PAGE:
ENC Dining Commons (Credit: Eastern Nazarene College)

Pioneer College Caterers, providers of ENC’s cafeteria dining services, made a subtle but impactful change to their menu by adding vegan options after the Town Hall meeting last November.

Food Services Director Rick Harmon says push back from students, including an overwhelming response to surveys about food options, influenced their decision to begin serving food options specifically for the vegan crowd.

Before the cafeteria began offering entrees tailored to a vegan diet, those who avoided animal products had a difficult time eating in the cafeteria. Some students opted to remove themselves from their dining plans. One environmental science student and long-time vegan, Kelly Di Stefano, shed some light on the difference between being a vegan before the cafeteria began offering vegan-specific items and after.

Di Stefano says she stuck to eating cereal with almond or soy milk, bagels with peanut butter, and any plain vegetables available. “Some days were better than others,” she states.

Now, dining services occasionally has a section specifically labelled “vegan entrée” with a few sides. Di Stefano says that when food in the cafeteria is made vegan intentionally, it’s very good and very tasteful. She explains that entrées are few and far between, and sides like rice and beans are far more common, though often “accidentally vegan.” The salad bar has always been present at lunch and dinner, with several nutritious options including lettuce, spinach, bean sprouts, and tofu, with olive oil and vinegar for dressing—all of which are vegan.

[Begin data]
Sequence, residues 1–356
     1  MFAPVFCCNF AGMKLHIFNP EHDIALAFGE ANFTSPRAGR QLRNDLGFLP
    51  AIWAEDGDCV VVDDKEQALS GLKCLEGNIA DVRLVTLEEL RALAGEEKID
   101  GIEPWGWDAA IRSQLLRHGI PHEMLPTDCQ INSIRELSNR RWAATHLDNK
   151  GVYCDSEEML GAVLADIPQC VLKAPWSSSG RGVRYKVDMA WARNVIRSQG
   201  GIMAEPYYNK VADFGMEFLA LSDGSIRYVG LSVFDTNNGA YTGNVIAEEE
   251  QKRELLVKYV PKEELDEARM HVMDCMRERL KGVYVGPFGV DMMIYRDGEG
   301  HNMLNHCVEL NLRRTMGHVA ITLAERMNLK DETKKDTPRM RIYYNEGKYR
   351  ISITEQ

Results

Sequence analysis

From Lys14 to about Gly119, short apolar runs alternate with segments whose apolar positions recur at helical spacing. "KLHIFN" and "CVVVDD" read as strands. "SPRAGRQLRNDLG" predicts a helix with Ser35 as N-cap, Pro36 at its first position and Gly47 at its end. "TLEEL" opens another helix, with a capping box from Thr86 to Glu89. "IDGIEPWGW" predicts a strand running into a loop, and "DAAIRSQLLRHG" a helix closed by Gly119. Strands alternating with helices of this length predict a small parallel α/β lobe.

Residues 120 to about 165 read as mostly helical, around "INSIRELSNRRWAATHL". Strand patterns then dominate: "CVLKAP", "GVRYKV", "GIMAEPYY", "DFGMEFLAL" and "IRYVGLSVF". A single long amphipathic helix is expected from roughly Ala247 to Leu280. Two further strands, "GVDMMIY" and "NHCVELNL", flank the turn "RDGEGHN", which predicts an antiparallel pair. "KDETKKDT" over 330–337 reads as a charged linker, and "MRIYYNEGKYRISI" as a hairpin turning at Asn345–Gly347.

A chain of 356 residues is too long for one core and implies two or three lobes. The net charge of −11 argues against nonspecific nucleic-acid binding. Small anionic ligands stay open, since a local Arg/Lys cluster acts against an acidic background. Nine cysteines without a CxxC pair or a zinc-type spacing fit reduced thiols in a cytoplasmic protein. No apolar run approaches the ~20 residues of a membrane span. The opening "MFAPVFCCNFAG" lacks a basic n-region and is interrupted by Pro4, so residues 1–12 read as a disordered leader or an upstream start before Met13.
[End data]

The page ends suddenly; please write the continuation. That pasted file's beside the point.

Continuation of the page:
As for the food preparation, Harmon says his staff tries their best to keep items separated so as not to cross contaminate, but as of now there is no special preparation area for these items.

Are these options enough for a full-spectrum nutritious meal for vegans? Harmon does a great job of addressing all aspects of the food pyramid for all types of eaters, including vegans, vegetarians, and those who are gluten-free. If anyone has any complaints, Di Stefano says that Harmon is “very open and interested in providing vegan options, and I’m sure he would love meal suggestions and ideas that can be made in large quantities without the more unusual ingredients such as nutritional yeast.”

Eating vegan in the ENC dining hall isn’t the challenge it once was, but it is a work in progress. If students still find eating in the cafeteria to be too difficult, they may work with Harmon to identify different options or remove themselves from the meal plan.